Tim Papworth is a third-generation potato farmer and farm accident survivor who “learnt safety by accident”.
Some years ago, he was changing a light bulb in a potato store when he slipped and sustained life-changing injuries, which have impacted him mentally and physically.
By sharing his story, as part of Yellow Wellies’ (Farm Safety Foundation) campaign, he hopes that he can prevent “this happening to someone else”.
The accident has made him slow down, and now, he thinks about “every single process every single day”.
As a potato farmer, September and October have always been busy months in Papworth’s calendar.
One day, his team were moving potatoes into a new store, and he went into the building to see how work was progressing.
One of his employees told him: “Tim, we cannot see as the light is gone,” so he climbed a ladder to replace the bulb with a new one that he had on hand.
“I took the old one out, put the new one in and then somewhere along that path, I lost my balance and fell 14ft to the concentre below,” he explained.
“That is when I sustained a serious head injury, changing a lightbulb. By rights, I should not be here.”
The air ambulance flew him to Addenbrooke Hospital in Cambridge, where he spent five weeks in a drug-induced coma.
He broke all ribs on the left-hand side of his body and was paralysed, had a punctured lung, two bleeds on his brain and could not speak, which meant that the only way he could communicate was by writing notes on paper.
During his recovery period, his family stepped in to run the farming business, and they were “left with a jigsaw puzzle with a big piece missing, which was not easy for them”.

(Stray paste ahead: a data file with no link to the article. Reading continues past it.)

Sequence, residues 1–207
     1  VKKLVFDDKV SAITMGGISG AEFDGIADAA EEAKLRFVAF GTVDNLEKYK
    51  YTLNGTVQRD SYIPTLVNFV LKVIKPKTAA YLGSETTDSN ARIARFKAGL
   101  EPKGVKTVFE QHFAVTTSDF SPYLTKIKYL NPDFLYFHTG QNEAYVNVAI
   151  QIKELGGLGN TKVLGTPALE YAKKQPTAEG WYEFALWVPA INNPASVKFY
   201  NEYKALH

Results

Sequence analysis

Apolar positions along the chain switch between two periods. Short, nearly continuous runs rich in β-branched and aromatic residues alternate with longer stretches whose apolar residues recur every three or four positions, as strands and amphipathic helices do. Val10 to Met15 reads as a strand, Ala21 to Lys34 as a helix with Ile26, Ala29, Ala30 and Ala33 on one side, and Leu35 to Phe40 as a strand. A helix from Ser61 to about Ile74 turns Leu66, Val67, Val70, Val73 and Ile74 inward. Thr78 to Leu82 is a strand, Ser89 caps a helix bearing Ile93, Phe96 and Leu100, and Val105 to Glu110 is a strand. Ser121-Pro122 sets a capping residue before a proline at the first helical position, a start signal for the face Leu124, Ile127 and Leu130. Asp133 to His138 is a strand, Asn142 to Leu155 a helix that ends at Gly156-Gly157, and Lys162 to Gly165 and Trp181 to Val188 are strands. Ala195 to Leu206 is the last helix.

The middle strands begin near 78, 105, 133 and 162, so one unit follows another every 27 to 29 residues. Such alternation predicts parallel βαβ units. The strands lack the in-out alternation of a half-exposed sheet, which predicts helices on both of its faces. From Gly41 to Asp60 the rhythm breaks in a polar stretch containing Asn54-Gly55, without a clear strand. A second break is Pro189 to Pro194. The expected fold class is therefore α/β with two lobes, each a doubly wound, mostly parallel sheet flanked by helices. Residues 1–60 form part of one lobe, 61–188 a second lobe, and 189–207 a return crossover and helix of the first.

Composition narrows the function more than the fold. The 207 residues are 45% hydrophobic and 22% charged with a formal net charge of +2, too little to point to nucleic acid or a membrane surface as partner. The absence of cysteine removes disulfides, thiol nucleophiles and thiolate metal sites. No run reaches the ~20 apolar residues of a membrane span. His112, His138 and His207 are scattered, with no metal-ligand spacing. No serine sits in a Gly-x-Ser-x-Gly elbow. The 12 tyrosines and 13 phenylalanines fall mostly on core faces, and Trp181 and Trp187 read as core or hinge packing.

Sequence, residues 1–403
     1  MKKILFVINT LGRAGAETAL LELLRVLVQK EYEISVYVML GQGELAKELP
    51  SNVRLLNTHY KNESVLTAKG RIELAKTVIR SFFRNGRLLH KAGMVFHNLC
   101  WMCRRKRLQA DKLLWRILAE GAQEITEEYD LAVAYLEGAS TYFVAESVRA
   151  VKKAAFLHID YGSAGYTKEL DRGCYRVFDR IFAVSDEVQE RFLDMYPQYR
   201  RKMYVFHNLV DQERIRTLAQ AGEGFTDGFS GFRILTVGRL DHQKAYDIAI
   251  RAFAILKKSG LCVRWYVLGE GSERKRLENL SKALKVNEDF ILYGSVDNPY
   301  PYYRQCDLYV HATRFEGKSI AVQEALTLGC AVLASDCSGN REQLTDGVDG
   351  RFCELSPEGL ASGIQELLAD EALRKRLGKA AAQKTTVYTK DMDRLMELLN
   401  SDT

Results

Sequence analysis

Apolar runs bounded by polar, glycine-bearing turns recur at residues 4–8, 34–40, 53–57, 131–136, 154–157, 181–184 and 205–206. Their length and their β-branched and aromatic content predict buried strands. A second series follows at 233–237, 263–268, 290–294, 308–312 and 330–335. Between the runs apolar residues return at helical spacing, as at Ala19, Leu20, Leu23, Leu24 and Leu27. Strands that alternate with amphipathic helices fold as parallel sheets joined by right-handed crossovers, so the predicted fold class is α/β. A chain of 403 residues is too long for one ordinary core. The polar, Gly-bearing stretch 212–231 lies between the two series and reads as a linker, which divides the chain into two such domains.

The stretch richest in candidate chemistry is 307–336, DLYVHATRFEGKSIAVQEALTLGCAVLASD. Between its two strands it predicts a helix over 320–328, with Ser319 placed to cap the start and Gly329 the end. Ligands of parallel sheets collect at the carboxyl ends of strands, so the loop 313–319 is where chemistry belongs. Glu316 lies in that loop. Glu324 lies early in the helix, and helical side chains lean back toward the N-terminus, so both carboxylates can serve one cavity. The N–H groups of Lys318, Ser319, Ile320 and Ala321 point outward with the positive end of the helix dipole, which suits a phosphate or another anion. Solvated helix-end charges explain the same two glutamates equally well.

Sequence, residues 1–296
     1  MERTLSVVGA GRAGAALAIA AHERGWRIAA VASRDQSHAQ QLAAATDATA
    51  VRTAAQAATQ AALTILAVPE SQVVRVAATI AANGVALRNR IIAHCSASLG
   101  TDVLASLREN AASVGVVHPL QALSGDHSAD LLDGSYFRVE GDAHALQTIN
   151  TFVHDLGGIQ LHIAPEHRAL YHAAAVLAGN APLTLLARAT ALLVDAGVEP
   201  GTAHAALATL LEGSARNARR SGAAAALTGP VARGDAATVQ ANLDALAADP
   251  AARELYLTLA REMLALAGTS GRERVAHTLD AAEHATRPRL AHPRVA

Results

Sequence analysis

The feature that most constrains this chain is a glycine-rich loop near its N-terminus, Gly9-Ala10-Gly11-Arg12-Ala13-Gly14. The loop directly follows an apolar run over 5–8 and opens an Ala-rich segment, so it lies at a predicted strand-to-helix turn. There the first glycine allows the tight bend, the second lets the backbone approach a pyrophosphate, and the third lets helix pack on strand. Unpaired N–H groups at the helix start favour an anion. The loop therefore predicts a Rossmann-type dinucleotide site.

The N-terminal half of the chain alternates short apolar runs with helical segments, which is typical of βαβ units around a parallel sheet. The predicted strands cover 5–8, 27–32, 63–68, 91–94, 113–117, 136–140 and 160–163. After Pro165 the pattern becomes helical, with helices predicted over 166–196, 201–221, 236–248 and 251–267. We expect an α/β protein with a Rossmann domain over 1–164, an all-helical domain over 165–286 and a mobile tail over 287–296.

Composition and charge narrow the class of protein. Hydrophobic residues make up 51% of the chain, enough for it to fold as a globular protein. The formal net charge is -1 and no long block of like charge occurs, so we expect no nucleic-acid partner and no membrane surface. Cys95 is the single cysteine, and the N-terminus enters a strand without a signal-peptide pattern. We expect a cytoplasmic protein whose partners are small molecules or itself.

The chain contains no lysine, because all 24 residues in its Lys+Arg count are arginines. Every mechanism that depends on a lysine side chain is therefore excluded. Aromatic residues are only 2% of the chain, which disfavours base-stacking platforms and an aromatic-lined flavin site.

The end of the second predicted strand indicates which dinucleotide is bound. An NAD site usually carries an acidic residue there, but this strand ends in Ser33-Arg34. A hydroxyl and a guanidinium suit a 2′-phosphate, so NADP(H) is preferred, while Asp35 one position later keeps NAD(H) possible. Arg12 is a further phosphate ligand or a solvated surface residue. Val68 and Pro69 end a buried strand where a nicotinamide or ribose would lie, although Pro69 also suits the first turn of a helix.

Tim had a titanium plate fitted on one side of his skull and has made a full recovery apart from impaired hearing in his left ear.
He explained: “Fortunately, I have not got much brain damage. I am deaf in my leaf ear as the right-hand side of the brain impacts the left-hand side of the body. As a result, I was paralysed for a while; I could not feel my left arm for three months.”
“I could wiggle my toes on both feet, but I could not actually pick my left arm up; it just hung there. Lots of things happened,” he added.
“When I returned home, my wife had to teach me. I had to learn stuff and thought that people had babies and they had not. Also, I dreamt that people got married and they had not.”
“I had to start to re-learn my life. I am a changed man, and it was a life-changing encounter that put a lot of pressure on my family. The incident put my wife and I through sickness and health,” he added.
His message to the public is this:
- Take more care;
- Take a step back;
- Think about what you are doing – concentre on the task in hand;
- Do not rush;
- Slow down.
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